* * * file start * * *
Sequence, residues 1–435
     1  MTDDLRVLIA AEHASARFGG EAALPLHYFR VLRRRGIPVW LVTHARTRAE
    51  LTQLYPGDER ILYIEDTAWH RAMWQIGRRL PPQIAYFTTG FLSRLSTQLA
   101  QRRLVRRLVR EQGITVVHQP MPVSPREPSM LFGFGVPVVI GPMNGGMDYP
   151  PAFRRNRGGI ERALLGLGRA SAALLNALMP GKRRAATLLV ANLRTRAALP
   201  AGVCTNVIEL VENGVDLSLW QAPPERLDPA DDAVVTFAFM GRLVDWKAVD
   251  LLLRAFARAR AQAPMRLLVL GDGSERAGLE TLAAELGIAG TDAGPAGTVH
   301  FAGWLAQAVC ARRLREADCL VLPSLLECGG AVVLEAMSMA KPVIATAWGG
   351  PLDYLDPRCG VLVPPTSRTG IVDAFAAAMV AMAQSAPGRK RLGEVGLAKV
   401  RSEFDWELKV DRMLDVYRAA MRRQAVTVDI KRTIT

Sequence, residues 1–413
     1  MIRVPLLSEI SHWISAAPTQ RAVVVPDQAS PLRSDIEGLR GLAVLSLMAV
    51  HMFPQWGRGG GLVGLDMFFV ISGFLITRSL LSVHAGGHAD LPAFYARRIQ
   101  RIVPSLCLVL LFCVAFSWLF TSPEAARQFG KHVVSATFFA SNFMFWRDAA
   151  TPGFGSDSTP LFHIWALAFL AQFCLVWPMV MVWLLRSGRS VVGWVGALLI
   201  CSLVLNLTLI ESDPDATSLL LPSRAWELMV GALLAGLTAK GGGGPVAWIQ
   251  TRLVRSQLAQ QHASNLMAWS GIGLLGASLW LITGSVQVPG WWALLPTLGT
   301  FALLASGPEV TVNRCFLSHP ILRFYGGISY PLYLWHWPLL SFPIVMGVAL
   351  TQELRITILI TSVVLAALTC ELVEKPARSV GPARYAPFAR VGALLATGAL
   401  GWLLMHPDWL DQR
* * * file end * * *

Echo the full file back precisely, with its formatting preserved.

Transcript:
Sequence, residues 1–435
     1  MTDDLRVLIA AEHASARFGG EAALPLHYFR VLRRRGIPVW LVTHARTRAE
    51  LTQLYPGDER ILYIEDTAWH RAMWQIGRRL PPQIAYFTTG FLSRLSTQLA
   101  QRRLVRRLVR EQGITVVHQP MPVSPREPSM LFGFGVPVVI GPMNGGMDYP
   151  PAFRRNRGGI ERALLGLGRA SAALLNALMP GKRRAATLLV ANLRTRAALP
   201  AGVCTNVIEL VENGVDLSLW QAPPERLDPA DDAVVTFAFM GRLVDWKAVD
   251  LLLRAFARAR AQAPMRLLVL GDGSERAGLE TLAAELGIAG TDAGPAGTVH
   301  FAGWLAQAVC ARRLREADCL VLPSLLECGG AVVLEAMSMA KPVIATAWGG
   351  PLDYLDPRCG VLVPPTSRTG IVDAFAAAMV AMAQSAPGRK RLGEVGLAKV
   401  RSEFDWELKV DRMLDVYRAA MRRQAVTVDI KRTIT

Sequence, residues 1–413
     1  MIRVPLLSEI SHWISAAPTQ RAVVVPDQAS PLRSDIEGLR GLAVLSLMAV
    51  HMFPQWGRGG GLVGLDMFFV ISGFLITRSL LSVHAGGHAD LPAFYARRIQ
   101  RIVPSLCLVL LFCVAFSWLF TSPEAARQFG KHVVSATFFA SNFMFWRDAA
   151  TPGFGSDSTP LFHIWALAFL AQFCLVWPMV MVWLLRSGRS VVGWVGALLI
   201  CSLVLNLTLI ESDPDATSLL LPSRAWELMV GALLAGLTAK GGGGPVAWIQ
   251  TRLVRSQLAQ QHASNLMAWS GIGLLGASLW LITGSVQVPG WWALLPTLGT
   301  FALLASGPEV TVNRCFLSHP ILRFYGGISY PLYLWHWPLL SFPIVMGVAL
   351  TQELRITILI TSVVLAALTC ELVEKPARSV GPARYAPFAR VGALLATGAL
   401  GWLLMHPDWL DQR